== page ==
Martin: I was aware that there was no way that it could live up to that standard. It was also, I think, a very different kind of animal. [Both Year One stories] are really completely different. The only thing they have in common is the brand name and the fact that they’re trying to chronicle the first year of those characters. Obviously, Miller, Scott Beatty and Chuck Dixon are completely different writers and obviously I couldn’t even compare myself to Mazzucchelli at all.
Fiffe: Thing is, everyone has a Year One now and they’re all pretty different from one another, especially the Batgirl one. But I thought editorial would’ve wanted something along the lines of Mazzhucchelli’s stark, bold lines for that particular Year One.
Martin: The only thing that I thought of when I started working on Batgirl stylistically was that I wanted it to be simpler that my earlier stuff. I was trying to find my style, I guess. Story-wise to me, superhero comics work best when they function as metaphors. I don’t care that much about projects based only on continuity aspects. And what I liked about the Batgirl story was that at its core it was really a story about a teenager that was angry at the world, angry at her father, and she was strong and she wanted to prove her place in the world. I think that’s a powerful subject matter and something people can relate to and it was what I tried to convey. Many of my stylistic and storytelling decisions stem from that point of view. For example, making her slim and more girl-looking instead of a buxom bombshell. Also, much of the superficial aspects of it, the style of it, has to do with the coloring, I think. Much of its appeal and its uniqueness comes from the coloring because it was really different from anything that was going on at the time. And that was all thanks to my friend, Javier Rodriguez.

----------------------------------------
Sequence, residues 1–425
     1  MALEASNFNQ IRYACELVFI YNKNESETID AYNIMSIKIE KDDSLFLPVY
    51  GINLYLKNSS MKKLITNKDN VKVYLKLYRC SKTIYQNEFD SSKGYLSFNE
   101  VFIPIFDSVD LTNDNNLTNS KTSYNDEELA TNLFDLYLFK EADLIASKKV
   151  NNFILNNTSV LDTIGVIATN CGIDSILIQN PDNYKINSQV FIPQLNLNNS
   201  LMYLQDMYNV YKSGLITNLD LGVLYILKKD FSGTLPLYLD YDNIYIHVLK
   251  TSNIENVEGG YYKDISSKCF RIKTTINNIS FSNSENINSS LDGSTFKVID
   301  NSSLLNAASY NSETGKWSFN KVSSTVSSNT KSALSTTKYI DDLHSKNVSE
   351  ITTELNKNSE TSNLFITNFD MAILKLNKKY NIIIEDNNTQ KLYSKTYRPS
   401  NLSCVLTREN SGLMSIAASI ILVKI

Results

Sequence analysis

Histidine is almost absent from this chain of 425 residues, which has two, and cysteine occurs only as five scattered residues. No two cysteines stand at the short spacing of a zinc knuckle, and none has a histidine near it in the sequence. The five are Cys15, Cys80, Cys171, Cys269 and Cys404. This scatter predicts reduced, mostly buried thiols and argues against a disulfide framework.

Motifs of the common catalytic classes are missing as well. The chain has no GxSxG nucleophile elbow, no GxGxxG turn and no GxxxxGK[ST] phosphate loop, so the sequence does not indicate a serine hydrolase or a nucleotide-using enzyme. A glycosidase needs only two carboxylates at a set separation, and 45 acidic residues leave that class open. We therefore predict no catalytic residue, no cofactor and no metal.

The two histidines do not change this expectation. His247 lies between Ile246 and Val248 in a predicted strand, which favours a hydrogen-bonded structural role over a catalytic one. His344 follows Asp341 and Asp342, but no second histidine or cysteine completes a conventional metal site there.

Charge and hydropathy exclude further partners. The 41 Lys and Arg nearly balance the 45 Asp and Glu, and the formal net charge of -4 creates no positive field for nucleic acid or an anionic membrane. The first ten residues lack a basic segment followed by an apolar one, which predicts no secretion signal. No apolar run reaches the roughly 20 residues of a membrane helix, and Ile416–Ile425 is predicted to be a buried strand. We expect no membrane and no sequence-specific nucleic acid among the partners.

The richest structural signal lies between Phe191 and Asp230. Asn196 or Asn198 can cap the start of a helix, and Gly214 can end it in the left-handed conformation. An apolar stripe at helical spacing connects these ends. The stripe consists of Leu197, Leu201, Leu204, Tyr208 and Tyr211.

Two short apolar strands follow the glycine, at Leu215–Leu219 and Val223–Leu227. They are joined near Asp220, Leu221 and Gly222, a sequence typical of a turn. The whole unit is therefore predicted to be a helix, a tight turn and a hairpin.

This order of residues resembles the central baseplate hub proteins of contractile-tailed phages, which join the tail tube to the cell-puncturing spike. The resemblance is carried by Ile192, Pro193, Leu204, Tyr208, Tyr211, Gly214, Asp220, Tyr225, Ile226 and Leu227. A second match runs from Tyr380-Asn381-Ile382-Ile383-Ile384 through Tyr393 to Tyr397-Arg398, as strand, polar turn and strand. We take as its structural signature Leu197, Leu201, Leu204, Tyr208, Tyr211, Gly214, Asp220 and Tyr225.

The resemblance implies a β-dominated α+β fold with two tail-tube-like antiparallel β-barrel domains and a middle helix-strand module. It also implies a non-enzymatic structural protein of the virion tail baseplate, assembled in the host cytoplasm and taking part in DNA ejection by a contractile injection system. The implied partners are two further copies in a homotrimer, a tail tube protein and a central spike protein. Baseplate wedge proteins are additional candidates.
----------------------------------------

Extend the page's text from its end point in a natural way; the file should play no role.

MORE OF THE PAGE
Fiffe: I was going to ask about him.
Martin: He was a friend of mine, and we had never worked before but I had seen his work as a comic book artist and he colored it himself. I thought the colors were really good, and I knew that one of the fundamental things of making the material work the way I wanted it to was to control the coloring in some ways, to be able to communicate with the colorist.
Fiffe: For you to have some control over the color choices or have some input.